Luján's plan requires net-zero carbon emissions by 2050 - Albuquerque Journal

Luján’s plan requires net-zero carbon emissions by 2050

U.S. Rep. Ben Ray Lujan, D-N.M., speaks to a joint session of the House and Senate at the Roundhouse earlier this year. (Eddie Moore/Journal file)

New Mexico Rep. Ben Ray Luján and Minnesota Sen. Tina Smith introduced the Clean Energy Standard Act of 2019 Wednesday with a goal of zero carbon emissions from electric generation by 2050.

The two Democrats said the legislation takes a regional approach in the effort to cut down on greenhouse gases. The bill would put the responsibility for reaching the goal on utility companies. U.S. Sen. Martin Heinrich is also a sponsor.

“The time to act is now,” Luján said during a teleconference. “We can’t wait another generation.”

He said the legislation is in line with the Paris Accords.

“We’re facing a climate crisis,” Luján said. “It threatens every human being on this planet.”

“The amount of evidence from the science community recognizing a climate crisis — with real and costly consequences — is becoming insurmountable and requires bold action,” Heinrich said. “The Clean Energy Standard Act will help chart a path towards net-zero emissions in the United States, which will benefit us all by protecting clean air and water, and create a more secure climate future for our children.”

Smith said the effects of climate change are “an economic threat and an environmental threat.”

“We can fight climate change and create jobs,” she said.

Smith said 61,000 clean energy jobs have already been created in Minnesota, and he said they “are high paying jobs.”

Larry Behrens, the western states director for Power the Future, believes the bill would do the opposite to the state economy.

“This bill puts thousands of New Mexico’s energy workers and our economy in jeopardy in order to please eco-left interests from outside our state,” Behrens said. “There are nearly 100,000 workers in New Mexico that deliver affordable energy to the world and it is disheartening some in Washington feel those workers and families are expendable.”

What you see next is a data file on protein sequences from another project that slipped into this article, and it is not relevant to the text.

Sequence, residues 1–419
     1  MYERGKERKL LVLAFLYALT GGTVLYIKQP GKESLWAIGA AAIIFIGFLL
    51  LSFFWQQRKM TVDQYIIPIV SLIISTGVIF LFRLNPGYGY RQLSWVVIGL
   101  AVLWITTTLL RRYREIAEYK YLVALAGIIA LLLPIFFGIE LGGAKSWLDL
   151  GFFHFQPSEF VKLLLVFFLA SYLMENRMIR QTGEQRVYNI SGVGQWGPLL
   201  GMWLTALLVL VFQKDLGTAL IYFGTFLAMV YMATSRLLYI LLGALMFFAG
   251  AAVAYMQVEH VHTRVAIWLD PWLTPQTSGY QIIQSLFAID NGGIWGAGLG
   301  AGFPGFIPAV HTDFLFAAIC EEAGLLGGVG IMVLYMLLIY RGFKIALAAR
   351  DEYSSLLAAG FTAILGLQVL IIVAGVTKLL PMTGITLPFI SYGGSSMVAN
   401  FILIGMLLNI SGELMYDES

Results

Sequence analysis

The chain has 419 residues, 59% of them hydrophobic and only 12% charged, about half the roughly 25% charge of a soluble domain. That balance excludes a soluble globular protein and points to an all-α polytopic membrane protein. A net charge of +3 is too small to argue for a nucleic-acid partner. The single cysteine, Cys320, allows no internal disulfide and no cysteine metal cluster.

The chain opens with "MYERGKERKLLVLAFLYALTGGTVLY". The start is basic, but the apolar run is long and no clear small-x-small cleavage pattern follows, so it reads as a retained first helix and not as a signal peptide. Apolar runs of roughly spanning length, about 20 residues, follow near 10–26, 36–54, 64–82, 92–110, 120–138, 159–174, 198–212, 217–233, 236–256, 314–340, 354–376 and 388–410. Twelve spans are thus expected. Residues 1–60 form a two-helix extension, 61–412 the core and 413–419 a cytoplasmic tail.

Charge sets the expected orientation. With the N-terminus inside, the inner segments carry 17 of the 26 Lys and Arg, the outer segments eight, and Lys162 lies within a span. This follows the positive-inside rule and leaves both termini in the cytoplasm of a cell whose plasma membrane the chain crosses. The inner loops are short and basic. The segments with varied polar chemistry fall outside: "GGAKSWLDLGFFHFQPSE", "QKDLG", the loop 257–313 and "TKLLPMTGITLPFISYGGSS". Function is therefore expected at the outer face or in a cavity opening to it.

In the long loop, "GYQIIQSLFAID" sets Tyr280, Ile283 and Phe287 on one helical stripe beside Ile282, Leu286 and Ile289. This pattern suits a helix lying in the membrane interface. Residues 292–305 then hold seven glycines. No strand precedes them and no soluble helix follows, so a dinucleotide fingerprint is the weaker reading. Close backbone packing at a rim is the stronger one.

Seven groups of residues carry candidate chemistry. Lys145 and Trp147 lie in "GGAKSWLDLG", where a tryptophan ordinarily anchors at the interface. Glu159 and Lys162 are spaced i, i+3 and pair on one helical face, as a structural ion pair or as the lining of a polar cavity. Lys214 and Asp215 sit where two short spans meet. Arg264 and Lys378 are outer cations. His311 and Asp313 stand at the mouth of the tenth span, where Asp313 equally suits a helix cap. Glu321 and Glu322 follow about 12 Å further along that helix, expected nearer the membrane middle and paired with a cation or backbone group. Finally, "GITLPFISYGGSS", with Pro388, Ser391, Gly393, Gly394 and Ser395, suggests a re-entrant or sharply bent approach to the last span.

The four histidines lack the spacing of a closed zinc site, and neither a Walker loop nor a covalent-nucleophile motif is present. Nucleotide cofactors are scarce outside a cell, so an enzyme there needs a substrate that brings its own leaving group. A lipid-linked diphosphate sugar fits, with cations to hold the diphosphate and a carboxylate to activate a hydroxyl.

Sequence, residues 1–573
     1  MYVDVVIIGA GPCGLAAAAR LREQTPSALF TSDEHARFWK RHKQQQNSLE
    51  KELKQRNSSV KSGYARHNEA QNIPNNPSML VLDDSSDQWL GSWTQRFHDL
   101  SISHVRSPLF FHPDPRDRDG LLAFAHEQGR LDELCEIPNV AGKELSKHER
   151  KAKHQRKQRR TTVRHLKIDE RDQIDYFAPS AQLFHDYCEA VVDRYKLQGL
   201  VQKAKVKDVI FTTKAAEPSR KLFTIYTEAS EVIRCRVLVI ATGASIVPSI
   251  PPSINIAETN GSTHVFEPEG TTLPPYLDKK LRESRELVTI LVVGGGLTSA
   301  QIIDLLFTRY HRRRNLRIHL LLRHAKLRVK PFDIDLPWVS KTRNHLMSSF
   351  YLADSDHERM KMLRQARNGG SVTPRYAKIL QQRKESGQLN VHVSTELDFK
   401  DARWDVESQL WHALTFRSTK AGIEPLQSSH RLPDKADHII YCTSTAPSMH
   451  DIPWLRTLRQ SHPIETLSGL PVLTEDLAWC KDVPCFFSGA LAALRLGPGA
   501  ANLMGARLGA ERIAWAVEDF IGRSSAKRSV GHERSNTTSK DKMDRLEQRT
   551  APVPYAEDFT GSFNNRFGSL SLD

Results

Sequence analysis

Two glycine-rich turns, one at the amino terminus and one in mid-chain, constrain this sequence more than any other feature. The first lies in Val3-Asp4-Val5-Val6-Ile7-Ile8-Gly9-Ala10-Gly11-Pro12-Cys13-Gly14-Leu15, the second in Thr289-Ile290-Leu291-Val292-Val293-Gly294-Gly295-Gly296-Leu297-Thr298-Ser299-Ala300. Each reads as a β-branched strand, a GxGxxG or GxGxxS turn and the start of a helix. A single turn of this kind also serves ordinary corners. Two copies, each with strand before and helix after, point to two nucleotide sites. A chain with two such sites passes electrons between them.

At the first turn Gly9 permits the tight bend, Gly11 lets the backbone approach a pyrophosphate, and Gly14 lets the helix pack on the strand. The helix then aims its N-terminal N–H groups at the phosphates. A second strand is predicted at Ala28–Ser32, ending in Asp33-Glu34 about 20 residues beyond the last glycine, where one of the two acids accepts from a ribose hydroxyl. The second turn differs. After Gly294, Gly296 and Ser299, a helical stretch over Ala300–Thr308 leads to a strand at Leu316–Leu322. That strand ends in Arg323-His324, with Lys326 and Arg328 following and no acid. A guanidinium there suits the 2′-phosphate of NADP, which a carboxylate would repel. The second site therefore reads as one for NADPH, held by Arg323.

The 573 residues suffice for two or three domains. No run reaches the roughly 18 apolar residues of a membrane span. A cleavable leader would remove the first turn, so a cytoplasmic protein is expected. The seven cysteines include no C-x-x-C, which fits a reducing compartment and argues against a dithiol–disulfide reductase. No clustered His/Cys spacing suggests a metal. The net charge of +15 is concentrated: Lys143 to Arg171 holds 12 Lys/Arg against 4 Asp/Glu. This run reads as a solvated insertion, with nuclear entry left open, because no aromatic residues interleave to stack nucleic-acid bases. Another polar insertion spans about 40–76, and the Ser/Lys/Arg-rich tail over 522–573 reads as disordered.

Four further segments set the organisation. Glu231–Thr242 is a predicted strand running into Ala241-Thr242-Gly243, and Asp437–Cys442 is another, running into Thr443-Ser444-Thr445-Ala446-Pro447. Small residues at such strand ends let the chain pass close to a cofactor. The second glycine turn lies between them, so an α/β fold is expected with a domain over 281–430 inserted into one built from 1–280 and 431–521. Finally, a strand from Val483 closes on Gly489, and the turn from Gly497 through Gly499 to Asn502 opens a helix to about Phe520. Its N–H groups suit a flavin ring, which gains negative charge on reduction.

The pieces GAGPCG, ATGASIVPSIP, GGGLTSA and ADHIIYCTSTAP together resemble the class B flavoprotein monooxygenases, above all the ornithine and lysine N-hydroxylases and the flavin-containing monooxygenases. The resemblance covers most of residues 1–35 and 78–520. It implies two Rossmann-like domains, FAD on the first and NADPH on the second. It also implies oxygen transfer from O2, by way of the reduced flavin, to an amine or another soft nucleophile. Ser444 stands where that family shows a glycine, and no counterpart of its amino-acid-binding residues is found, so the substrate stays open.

Luján and Smith said the act takes a technology-neutral approach that leaves it up to utility companies to implement measures to meet the standards. Tax credits would be available for the utilities.

The act seeks to:

• Reduce power sector greenhouse gas emissions in 2035 by 61%, with cumulative emission reductions between 2020 and 2035 of approximately 10 billion metric tons of carbon dioxide (CO2) equivalent;

• Increase generation by renewables from 30% to 56% of total generation in 2035;

• Reduce generation from fossil sources from 60% to 26% of total generation in 2035;

• Provide net benefits of $579 billion over the 2020—2035 time period;

Luján said he discussed the legislation with officials with Tri-State Generation and Transmission Association, which supplies most of the state’s electric cooperatives, and with officials from the co-ops. He said they were open to the mandates in the bill.

He said environmental groups and labor unions support the bill. Western Resource Advocates is one of the groups endorsing the bill, which it compares to New Mexico’s Energy Transition Act. That bill requires New Mexico utilities and rural electric cooperatives to be carbon-free by 2045.

No Republicans have signed on as sponsors, Luján and Smith said. But they said they were confident of bipartisan support.

Luján said he hasn’t talked to any Republican lawmakers, but, he said, his staff had reached out to the staffs across the aisle.

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